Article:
• Business interruption costs – to help negate the effects of any downtime while you get on top of the issue
  • System and data rectification costs – to help get things working again so you can be back up and running as quickly as possible
  • Regulatory defence and penalties – to cover the cost of any legal ramifications that might come your way in the aftermath
  • Cyber extortion and ransom costs – to cover you financially should you have to pay out to cybercriminals in order to regain access to your systems.

It’s also worth looking for cover that gives you access to support services such as ReSecure. This is a helpline which gives you access to cybersecurity specialists. In the event of a breach, they will help you determine the cause and assist in the recovery of lost data. They will also help you get your systems up and running again. This kind of support is invaluable to the average small business owner who may not necessarily have a vast knowledge of cybersecurity and cyber crime themselves. 

So, while cyber insurance can’t stop you from falling victim to cybercrime – that is something you need to do yourself – it can help to keep you afloat should the worst happen.

This article was contributed by Kingsbridge Group

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May 28, 2021

FCA bans ‘price walking’ for insurers from Jan 2022

FCA
pricewalking
insurers
Insurtech
3 min
The City regulator has said insurers must not raise prices at renewal and penalise loyal customers

Insurers will no longer be allowed to raise premiums upon annual customer renewals following a new ruling by the Financial Conduct Authority (FCA)

The new move, which comes into effect in January 2022, will directly affect people renewing their home or motor insurance because they will pay no more for their premiums than a new customer.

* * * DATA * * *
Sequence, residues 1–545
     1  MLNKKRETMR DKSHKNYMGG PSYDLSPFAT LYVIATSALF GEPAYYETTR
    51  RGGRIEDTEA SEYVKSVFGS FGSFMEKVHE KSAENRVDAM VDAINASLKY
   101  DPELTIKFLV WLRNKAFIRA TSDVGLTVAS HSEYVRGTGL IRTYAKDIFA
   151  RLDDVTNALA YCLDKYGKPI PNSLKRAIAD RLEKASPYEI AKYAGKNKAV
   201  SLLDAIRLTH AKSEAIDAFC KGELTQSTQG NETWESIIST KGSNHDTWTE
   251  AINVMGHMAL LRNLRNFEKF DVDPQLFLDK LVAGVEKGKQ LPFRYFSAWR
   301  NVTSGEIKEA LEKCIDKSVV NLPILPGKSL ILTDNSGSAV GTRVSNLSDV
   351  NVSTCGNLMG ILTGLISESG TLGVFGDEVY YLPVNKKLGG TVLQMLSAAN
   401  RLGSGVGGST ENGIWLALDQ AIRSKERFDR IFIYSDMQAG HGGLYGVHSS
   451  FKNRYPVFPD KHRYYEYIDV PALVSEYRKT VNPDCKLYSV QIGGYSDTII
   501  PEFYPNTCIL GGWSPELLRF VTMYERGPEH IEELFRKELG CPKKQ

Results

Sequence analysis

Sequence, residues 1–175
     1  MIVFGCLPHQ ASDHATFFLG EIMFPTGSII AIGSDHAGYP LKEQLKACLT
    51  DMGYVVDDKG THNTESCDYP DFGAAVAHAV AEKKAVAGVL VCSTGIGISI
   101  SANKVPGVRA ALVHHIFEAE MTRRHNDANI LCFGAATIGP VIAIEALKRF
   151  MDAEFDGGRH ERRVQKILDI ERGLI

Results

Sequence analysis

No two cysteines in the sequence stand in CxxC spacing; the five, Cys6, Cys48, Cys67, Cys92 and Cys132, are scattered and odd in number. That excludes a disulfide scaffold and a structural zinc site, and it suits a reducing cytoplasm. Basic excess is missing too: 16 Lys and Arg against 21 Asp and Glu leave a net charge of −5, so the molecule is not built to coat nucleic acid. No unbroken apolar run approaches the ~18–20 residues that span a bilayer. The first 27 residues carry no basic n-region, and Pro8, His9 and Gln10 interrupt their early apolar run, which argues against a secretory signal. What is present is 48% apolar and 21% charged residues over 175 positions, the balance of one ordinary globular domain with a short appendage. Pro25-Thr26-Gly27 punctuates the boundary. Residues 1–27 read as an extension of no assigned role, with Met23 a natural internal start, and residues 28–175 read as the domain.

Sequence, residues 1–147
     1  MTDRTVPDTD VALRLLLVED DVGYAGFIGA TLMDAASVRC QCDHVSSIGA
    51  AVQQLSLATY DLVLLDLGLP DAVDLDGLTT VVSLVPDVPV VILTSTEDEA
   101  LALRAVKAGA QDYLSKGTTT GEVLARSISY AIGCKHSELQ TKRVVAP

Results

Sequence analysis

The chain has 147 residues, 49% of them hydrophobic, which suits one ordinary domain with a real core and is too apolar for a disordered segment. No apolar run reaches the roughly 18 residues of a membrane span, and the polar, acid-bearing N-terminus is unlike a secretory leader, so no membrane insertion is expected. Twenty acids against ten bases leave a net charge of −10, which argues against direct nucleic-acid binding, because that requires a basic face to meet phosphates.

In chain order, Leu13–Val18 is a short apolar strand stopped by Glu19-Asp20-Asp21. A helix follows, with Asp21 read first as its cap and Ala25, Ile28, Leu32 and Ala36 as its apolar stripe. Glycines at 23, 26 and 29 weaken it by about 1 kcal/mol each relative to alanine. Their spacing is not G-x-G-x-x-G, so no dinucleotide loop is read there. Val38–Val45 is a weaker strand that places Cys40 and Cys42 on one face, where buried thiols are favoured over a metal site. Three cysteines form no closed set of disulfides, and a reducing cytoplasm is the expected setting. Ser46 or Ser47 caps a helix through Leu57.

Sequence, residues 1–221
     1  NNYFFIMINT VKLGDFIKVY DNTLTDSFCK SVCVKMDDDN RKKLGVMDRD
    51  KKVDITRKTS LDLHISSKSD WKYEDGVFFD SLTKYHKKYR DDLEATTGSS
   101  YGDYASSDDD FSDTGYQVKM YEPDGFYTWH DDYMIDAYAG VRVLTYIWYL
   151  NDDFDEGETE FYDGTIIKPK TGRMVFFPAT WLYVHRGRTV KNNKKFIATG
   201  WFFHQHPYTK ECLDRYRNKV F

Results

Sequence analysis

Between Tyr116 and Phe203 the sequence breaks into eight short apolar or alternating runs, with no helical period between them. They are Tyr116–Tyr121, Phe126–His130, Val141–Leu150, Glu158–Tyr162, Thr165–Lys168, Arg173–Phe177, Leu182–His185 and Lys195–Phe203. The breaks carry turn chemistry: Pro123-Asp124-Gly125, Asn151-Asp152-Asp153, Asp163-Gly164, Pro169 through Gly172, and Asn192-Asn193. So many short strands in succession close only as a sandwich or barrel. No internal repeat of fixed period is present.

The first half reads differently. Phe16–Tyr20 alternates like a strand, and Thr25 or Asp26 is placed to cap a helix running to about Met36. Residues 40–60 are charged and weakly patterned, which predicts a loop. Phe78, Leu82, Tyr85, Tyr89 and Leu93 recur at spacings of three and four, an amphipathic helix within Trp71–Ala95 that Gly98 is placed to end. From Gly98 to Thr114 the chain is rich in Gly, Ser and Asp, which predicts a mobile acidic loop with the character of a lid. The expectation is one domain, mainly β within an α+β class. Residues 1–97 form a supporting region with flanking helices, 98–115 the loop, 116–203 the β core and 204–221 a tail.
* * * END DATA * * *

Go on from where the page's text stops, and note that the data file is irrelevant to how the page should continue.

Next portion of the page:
The FCA said the change will save loyal customers an estimated £4.2bn over a 10-year-period. However, it also admitted the move could mean cheaper deals for new customers can no longer be sustainable for insurers attempting to attract business. 

Price walking practices ended

According to reports, the FCA has been working on changing the rules on ‘price walking’ as it is termed, because customers are charged more their annual premiums, even though their level of risk remains the same. The system has resulted in complaints from consumer groups that loyal customers pay more unnecessarily.

Speaking about the regulatory change, Sheldon Mills, from the FCA told the BBC

"These measures will put an end to the very high prices paid by many loyal customers. Consumers can still benefit from shopping around or negotiating with their current provider, but won't be charged more at renewal just for being an existing customer."

Victory for the customer

Consumer groups have hailed the change as a victory for customers who have ended up paying higher premiums unnecessarily, but admitted it presented huge implications for insurers in the short term.

Consumer Intelligence CEO, Ian Hughes said, “These changes represent a tsunami for both insurers and their customers, but we should be in no doubt that the fault line that sits underneath this is fair value, mentioned 153 times in the final statement. GIPP changes will feel like just a ripple for those who don’t offer fair value to customers."

He continued, “This is going to be a bumpy ride for insurance brands and consumers alike in the short term. Today, the FCA has revealed that cash and cash-equivalent incentives, other than toys and carbon off setting, cannot be used to entice new customers without being offered to renewing customers. This means the savviest consumers who shop around each year will see prices rise and discounts and offers disappear.

“However, there is an opportunity for the industry to take advantage of all this change that is coming and do something that will be good for brands, good for the industry and good for consumers."

Consumer Intelligence PR and communications manager, Catherine Carey agreed, and described the victory as “a shot in the arm for innovation.”

Carey said the move “presses a giant reset button on the relationship between price and value, it will change the relationship between brands and consumers.”

She explained, “We expect to see insurers changing their models and new firms entering the market for the first time as loss-making year one pricing phases out. If you look at these new rules, and specifically the introduction of fair value, it’s the most exciting time for the development of the general insurance market for decades.”

Hughes also warned against insurers resisting the regulatory change, “Those that don’t take advantage of the opportunity are going to find it really tough.”

He added, “The tipping point we find ourselves at today is a critical point in the journey of this industry and there is an opportunity to be positive.”